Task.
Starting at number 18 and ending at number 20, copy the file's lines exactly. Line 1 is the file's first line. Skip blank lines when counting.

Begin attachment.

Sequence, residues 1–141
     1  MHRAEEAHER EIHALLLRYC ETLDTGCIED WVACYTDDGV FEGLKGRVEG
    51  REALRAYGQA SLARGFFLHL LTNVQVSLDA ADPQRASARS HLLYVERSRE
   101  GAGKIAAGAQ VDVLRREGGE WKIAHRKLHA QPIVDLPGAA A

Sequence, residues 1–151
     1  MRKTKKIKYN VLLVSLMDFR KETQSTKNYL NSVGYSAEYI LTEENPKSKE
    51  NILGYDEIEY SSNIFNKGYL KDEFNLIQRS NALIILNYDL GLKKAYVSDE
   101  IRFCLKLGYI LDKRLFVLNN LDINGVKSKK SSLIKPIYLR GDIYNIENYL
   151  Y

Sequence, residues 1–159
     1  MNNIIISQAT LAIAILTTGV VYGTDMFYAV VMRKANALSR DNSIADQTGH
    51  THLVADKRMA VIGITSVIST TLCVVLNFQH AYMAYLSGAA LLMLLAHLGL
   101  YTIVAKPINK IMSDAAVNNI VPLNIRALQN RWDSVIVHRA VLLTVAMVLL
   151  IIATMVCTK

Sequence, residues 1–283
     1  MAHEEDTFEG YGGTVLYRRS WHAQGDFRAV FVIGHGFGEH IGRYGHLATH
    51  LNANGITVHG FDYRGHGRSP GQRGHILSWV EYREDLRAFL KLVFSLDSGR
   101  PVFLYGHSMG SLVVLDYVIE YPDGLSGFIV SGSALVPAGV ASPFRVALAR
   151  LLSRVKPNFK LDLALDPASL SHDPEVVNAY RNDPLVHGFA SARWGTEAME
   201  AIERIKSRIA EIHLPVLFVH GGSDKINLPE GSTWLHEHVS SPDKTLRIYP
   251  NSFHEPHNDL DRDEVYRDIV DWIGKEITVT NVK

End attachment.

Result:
   101  PVFLYGHSMG SLVVLDYVIE YPDGLSGFIV SGSALVPAGV ASPFRVALAR
   151  LLSRVKPNFK LDLALDPASL SHDPEVVNAY RNDPLVHGFA SARWGTEAME
   201  AIERIKSRIA EIHLPVLFVH GGSDKINLPE GSTWLHEHVS SPDKTLRIYP